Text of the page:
Ryanair ads that claimed it is ‘Europe’s low CO2 emissions airline’ are banned for ‘misleading consumers’
- ASA says ads broke rules on environmental claims and misleading consumers
- It added that the claims made by the Irish carrier in the ads ‘could not be proved’
- In response, Ryanair said it was ‘disappointed and surprised’ by the ASA ruling
‘Misleading’ Ryanair adverts that claimed it is ‘Europe’s low CO2 emissions airline’ have been banned.
The Advertising Standards Authority (ASA) has ruled that the budget carrier broke rules on environmental claims and misleading consumers in its press, TV, and radio ads from September 2019 and that they must be changed.
Both the TV and radio spot referenced ‘low CO2 emissions’ while the text advert claimed ‘Ryanair has the lowest carbon emissions of any major airline’.
‘Misleading’ Ryanair adverts that claimed it is ‘Europe’s low CO2 emissions airline’ have been banned
After complaints were made, the airline claimed that the phrase ‘low CO2 emissions’ in the radio and TV ads meant ‘less than average’.
In the print promotion, the company compared its CO2 emissions per passenger, per kilometre, to four other big European carriers. There is no common definition of what a ‘major airline’ is.
The ASA said the ‘ads […] must not appear again in their current forms’, as the claims could not be substantiated.
They said that customers would interpret the ads’ claims to mean that travelling with Ryanair would mean they were contributing less CO2 than travelling with other airlines, which could not be proved.
The watchdog said: ‘We told Ryanair to ensure that when making environmental claims, they held adequate evidence to substantiate them and to ensure the basis of those claims were made clear.’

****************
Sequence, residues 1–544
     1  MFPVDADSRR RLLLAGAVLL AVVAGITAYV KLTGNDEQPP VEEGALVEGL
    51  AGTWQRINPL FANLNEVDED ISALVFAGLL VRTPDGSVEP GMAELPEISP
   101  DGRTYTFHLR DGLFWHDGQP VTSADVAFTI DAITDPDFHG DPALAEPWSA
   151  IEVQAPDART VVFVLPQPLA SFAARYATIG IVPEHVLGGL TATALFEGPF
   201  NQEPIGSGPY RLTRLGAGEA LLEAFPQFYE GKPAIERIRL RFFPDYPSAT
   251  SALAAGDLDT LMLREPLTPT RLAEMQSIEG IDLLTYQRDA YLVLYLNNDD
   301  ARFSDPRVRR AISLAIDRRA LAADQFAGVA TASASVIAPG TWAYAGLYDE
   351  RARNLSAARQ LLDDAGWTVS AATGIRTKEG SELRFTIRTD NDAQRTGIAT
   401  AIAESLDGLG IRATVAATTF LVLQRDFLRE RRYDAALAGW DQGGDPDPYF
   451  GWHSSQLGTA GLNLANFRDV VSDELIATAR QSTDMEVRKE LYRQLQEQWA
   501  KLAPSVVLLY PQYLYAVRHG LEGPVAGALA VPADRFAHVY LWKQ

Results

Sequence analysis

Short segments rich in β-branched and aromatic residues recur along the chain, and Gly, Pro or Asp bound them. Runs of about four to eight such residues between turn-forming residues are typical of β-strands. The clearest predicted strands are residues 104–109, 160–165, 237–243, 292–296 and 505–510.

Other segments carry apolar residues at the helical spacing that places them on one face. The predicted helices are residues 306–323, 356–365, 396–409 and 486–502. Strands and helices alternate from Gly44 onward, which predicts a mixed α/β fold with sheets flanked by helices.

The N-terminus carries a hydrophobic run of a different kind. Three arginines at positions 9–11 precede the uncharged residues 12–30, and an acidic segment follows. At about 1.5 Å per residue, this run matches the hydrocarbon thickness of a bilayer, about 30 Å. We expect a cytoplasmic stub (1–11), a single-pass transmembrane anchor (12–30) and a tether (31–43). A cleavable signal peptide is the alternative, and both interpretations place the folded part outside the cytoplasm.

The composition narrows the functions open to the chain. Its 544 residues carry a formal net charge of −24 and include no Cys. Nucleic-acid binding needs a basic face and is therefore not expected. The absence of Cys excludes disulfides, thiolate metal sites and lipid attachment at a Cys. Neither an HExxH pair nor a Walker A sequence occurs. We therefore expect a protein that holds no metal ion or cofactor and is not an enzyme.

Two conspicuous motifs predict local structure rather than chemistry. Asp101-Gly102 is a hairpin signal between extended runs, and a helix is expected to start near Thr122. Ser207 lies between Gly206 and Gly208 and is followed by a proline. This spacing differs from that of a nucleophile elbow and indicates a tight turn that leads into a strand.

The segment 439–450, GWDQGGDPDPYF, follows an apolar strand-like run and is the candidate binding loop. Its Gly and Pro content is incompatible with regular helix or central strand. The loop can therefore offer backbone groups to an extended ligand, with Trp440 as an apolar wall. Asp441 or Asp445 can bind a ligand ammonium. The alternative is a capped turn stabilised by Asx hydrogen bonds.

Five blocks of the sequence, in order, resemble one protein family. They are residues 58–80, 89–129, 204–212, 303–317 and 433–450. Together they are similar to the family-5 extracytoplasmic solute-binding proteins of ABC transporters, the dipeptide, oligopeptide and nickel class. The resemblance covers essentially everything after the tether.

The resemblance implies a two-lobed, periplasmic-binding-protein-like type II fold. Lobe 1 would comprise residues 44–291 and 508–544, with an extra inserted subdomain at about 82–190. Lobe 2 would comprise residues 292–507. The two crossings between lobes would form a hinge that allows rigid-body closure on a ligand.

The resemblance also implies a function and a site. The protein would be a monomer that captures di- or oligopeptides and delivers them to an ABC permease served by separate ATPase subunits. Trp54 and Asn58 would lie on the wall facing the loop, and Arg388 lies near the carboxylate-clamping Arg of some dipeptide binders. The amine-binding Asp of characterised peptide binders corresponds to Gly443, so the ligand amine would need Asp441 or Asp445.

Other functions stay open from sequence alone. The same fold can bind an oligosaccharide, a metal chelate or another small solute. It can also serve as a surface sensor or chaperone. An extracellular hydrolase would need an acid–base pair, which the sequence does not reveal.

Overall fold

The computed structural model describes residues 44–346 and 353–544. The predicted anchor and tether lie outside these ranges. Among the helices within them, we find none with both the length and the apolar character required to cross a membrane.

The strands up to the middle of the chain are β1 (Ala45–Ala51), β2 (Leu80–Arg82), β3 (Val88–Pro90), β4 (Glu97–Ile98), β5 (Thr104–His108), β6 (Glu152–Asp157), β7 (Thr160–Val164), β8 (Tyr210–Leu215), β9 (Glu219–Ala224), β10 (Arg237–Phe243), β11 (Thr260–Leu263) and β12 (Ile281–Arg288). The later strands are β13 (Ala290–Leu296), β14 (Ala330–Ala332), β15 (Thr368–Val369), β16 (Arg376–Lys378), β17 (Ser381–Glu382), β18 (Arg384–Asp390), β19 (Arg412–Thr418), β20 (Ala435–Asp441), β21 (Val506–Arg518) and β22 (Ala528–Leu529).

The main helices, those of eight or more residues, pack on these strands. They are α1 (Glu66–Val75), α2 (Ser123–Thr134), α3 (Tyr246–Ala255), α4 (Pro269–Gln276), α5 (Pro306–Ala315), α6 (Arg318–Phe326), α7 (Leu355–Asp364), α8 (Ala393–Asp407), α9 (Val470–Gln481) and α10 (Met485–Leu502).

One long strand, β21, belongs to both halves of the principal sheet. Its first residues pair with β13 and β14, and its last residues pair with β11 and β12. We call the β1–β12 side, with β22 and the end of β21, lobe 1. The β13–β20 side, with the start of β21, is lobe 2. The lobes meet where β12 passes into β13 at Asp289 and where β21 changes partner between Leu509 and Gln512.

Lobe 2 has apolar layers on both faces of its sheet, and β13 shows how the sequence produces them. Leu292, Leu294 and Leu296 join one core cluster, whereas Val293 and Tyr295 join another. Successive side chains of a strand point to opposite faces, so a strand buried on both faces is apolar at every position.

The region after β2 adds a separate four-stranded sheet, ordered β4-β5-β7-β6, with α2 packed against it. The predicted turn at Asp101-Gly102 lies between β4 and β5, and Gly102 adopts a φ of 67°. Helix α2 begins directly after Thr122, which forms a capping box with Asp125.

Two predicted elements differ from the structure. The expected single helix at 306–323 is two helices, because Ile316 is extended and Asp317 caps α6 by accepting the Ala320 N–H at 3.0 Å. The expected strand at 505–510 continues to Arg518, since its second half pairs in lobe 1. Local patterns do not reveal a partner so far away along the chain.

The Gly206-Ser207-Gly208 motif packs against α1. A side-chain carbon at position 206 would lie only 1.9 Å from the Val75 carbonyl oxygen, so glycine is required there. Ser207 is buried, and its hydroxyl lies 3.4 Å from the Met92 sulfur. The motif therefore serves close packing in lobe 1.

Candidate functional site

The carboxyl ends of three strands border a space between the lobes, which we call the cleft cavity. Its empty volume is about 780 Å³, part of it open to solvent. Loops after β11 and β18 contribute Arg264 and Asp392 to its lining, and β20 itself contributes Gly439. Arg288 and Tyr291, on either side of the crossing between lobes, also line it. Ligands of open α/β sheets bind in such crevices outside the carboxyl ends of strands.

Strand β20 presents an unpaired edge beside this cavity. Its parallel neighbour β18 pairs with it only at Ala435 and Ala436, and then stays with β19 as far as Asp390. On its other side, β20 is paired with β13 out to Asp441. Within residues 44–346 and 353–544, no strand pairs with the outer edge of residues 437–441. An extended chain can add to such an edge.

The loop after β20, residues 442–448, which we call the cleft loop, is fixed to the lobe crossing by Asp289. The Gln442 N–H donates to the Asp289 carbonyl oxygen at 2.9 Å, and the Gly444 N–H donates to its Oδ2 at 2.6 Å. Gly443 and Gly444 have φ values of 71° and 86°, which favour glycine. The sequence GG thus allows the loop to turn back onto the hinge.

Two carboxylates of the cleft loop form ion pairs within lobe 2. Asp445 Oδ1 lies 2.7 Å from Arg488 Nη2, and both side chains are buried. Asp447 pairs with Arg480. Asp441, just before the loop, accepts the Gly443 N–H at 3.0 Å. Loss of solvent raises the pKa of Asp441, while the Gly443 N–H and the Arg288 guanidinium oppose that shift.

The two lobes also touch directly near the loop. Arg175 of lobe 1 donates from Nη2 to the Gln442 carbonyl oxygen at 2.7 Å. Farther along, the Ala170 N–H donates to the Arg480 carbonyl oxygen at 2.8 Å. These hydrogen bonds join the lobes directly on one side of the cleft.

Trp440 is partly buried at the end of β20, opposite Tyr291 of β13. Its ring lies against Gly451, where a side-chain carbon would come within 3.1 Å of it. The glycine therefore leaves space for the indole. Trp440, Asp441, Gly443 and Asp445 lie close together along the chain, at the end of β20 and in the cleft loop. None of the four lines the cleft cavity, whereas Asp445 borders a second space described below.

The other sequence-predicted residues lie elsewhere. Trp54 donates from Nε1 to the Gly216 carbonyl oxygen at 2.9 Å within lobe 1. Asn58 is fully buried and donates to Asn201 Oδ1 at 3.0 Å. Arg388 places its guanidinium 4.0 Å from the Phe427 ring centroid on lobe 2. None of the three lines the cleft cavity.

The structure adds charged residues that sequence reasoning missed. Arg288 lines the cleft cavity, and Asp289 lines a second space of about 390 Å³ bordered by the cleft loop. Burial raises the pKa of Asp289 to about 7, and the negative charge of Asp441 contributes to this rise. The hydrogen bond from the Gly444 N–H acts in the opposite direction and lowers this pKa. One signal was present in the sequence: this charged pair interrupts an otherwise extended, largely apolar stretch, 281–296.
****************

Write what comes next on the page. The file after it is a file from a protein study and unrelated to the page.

Transport and Environment, which campaigns for cleaner travel in Europe, accused the airline of ‘greenwashing’ in its campaign.
They said: ‘This ruling is a reminder that the aviation sector’s climate impact is soaring because of a decades-long tax holiday and almost zero regulation of their pollution.
‘European governments must, without delay, agree bilaterally to tax jet fuel until EU Vice-President Timmermans secures the end of tax exemption.’
The Advertising Standards Authority (ASA) has ruled that the budget carrier broke rules on environmental claims and misleading consumers in its press, TV, and radio ads from September 2019
Ryanair said it was ‘disappointed and surprised’ by the ruling, and maintained that it is the ‘greenest’ airline in Europe.
In a statement, the airline said: ‘For this environmental campaign, Ryanair provided the appropriate regulatory and approval bodies with all the information requested – including data from independent organisations such as Eurocontrol and Brighter Planet.
‘These bodies then approved Ryanair’s campaign – based not only on their standard regulatory rules but also on external recommendations from environmental experts.’
It added: ‘Ryanair is the greenest/cleanest airline in Europe.
‘This is down to two simple facts: the average age of our fleet (only 6.5 years) and our capability to operate with the highest load factors (97 per cent).’